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Warren County Public School leader concerned about proposed funding for school staff

Warren County Public Schools Superintendent Rob Clayton
Warren County Public Schools
Warren County Public Schools Superintendent Rob Clayton

The superintendent of Warren County Public Schools is sharing his concerns about proposed funding for school staff under legislation sponsored by Kentucky House Republicans.

Under House Bill 6, Kentucky’s SEEK formula would increase moderately over the next two years. The formula is used to determine how much funding schools receive based, in part, on how many students are enrolled in their district. School administrators are concerned the current version of the bill does not provide enough funding to attract and retain school staff. Under the current version of House Bill 6, the per-pupil SEEK formula for funding K-12 schools would increase by 4% and 2% in the next two fiscal years.

Warren County Schools Superintendent Rob Clayton said Monday he’d like to see a larger boost to the SEEK formula.

“I don’t think there’s any doubt that this won’t move the needle and the current shortage will continue,” Clayton said. “We need a significant shift in how we’re funding our schools. Roughly a decade ago, 60% of our funding was coming from the state. Now, here in Warren County, we’re at 46% of our funding is coming from the state and our local taxpayers are picking 54%.”

While staffing shortages exist across the district in all areas, there are three positions – transportation, custodial staff, and special education support staff – within WCPS that are particularly being affected due to the lack of livable wages, according to Clayton.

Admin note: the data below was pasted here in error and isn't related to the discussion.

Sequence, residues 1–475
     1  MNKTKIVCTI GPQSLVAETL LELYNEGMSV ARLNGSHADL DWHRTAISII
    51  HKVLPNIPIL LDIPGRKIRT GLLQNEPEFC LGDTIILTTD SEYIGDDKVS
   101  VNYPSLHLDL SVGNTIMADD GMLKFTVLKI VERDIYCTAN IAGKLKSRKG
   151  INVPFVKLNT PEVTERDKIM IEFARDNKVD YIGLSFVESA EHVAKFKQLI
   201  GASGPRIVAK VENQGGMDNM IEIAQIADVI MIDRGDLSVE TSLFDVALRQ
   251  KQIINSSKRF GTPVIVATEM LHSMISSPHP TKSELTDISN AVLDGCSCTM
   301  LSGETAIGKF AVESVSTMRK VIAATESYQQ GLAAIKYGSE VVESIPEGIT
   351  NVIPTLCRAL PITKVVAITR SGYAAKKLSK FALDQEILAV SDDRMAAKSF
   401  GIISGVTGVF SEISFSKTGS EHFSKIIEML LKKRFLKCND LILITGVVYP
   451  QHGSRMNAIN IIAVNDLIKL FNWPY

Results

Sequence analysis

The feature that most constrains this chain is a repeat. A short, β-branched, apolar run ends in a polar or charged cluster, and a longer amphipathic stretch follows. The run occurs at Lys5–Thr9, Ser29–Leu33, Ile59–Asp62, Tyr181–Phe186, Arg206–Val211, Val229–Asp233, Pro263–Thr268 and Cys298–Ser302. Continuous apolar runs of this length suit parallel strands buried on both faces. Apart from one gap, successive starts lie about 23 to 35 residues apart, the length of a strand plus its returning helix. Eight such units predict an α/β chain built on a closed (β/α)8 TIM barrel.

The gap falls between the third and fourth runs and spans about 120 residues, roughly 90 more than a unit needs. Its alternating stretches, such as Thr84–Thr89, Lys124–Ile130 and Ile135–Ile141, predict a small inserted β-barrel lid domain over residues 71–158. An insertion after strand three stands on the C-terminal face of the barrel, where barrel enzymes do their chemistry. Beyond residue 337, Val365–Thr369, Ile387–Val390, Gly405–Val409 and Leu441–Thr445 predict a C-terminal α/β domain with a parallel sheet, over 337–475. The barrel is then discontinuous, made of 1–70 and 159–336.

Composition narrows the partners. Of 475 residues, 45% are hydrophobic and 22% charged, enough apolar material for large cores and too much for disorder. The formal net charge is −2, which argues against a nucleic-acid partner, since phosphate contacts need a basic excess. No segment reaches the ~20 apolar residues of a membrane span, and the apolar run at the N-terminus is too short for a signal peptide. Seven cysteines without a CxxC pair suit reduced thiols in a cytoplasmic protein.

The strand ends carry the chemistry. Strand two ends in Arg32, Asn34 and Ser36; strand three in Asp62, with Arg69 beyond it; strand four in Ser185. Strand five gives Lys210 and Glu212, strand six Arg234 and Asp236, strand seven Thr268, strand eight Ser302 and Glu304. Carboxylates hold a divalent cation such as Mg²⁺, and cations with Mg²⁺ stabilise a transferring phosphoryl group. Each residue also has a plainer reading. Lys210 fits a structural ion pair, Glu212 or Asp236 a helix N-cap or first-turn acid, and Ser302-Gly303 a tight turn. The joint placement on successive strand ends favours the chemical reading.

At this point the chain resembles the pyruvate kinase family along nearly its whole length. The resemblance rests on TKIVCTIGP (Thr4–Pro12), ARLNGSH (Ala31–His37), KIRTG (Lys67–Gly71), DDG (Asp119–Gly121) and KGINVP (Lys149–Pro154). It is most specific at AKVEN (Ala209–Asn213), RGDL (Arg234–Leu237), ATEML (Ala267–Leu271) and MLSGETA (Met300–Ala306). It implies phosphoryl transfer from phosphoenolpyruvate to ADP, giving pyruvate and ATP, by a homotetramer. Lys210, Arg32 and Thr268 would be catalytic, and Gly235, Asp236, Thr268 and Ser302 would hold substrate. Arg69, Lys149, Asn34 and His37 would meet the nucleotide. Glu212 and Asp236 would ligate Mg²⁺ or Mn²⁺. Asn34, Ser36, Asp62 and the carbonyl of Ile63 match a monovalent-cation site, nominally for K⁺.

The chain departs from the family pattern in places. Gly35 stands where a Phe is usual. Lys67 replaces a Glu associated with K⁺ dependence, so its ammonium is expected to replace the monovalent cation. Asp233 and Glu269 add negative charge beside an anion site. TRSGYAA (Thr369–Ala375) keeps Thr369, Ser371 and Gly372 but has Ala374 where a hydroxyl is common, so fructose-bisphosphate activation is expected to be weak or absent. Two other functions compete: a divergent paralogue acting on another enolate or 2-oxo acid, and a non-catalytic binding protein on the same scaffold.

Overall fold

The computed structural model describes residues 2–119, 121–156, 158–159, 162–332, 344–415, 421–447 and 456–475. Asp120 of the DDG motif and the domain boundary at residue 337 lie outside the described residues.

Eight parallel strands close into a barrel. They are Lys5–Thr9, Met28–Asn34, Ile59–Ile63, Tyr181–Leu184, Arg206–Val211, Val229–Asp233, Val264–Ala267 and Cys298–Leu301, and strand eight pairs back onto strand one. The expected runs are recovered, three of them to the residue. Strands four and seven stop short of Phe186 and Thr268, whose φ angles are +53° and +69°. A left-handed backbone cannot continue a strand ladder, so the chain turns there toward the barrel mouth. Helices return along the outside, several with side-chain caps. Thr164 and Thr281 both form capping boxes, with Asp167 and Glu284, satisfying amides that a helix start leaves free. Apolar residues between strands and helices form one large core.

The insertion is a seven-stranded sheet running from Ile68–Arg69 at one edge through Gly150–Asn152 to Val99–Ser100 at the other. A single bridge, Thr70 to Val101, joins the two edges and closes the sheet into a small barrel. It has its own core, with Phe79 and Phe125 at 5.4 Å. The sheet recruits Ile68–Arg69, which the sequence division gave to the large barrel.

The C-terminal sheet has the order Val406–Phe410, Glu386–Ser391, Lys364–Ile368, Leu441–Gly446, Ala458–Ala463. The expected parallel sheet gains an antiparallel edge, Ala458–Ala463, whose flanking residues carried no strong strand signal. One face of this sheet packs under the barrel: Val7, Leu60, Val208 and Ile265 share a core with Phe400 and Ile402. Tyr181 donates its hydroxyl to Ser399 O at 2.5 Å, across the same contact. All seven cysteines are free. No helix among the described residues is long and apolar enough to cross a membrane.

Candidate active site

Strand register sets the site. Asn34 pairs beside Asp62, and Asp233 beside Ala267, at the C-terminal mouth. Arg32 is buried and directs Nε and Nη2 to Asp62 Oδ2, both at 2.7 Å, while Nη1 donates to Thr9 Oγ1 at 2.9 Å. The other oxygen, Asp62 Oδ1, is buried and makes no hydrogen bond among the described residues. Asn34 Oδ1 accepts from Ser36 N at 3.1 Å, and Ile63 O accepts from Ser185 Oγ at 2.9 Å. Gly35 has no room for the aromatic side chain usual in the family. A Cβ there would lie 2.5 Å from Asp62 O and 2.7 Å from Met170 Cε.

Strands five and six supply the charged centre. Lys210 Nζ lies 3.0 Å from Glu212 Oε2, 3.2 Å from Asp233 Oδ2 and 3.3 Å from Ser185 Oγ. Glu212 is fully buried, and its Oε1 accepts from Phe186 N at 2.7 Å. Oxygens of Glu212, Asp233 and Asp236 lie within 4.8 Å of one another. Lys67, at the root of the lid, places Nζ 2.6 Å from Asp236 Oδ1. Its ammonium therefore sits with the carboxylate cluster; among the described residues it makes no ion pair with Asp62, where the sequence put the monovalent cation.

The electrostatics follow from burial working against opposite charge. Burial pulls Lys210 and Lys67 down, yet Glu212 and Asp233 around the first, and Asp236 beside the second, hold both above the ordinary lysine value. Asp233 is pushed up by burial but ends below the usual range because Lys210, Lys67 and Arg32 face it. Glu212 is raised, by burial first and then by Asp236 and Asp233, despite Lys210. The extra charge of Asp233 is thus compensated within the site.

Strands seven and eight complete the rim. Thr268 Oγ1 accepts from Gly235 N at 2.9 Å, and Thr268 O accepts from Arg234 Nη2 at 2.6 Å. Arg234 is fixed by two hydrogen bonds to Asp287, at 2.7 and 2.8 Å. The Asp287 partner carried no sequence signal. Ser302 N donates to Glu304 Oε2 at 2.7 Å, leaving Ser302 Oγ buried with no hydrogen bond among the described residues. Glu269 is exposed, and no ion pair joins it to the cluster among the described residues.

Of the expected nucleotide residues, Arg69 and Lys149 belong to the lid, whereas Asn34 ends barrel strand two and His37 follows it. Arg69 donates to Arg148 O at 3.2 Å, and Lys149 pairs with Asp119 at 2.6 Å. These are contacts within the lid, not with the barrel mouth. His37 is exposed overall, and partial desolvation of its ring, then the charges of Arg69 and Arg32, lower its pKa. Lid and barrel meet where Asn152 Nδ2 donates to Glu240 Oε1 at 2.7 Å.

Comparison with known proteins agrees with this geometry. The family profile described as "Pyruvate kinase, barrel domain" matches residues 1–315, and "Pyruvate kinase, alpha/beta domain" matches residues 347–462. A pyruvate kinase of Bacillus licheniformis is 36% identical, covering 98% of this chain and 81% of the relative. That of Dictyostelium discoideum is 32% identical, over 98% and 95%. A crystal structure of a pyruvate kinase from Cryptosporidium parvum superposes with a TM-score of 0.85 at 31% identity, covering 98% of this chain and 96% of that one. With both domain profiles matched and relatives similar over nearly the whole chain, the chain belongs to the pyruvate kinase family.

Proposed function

“Those three areas probably stand out the most, but we’re seeing it in all areas,” Clayton said. “But right now it’s literally every position has few to no applicants.”

A portion of House Bill 6 also allocates funding for local transportation costs for K-12 public school districts in the 2025-2026 fiscal year. If that measure is passed, it would be the first time in decades that the state would fully fund transportation costs.

Clayton said he is happy state lawmakers considered the costs of transportation, but those expenditures are just one piece of the puzzle.

“Right now, we are offsetting our transportation expenses of $2.4 million out of our general fund,” Clayton said. Over the last decade, that’s upwards of $20 million that our local taxpayers had to pick up. Not to mention that since 2005 we’ve not received the statutory requirement of fully funding transportation in the Commonwealth.”

Gov. Andy Beshear has proposed an 11% increase for all school staff and universal Pre-K, which would be funded in part from the state’s $3.7 billion reserve fund. Gov. Beshear has pointed to Kentucky’s record budget surplus which would allow the state to fund the universal raise for school staff. Neither of those elements are included in the Republican-sponsored bill.

House Bill 6 has been passed out of the House of Representatives and will now be reviewed and voted in the state senate.

Jacob Martin is a Reporter at WKU Public Radio. He joined the newsroom from Kansas City, where he covered the city’s underserved communities and general assignments at NPR member station, KCUR. A Louisville native, he spent seven years living in Brooklyn, New York before moving back to Kentucky. Email him at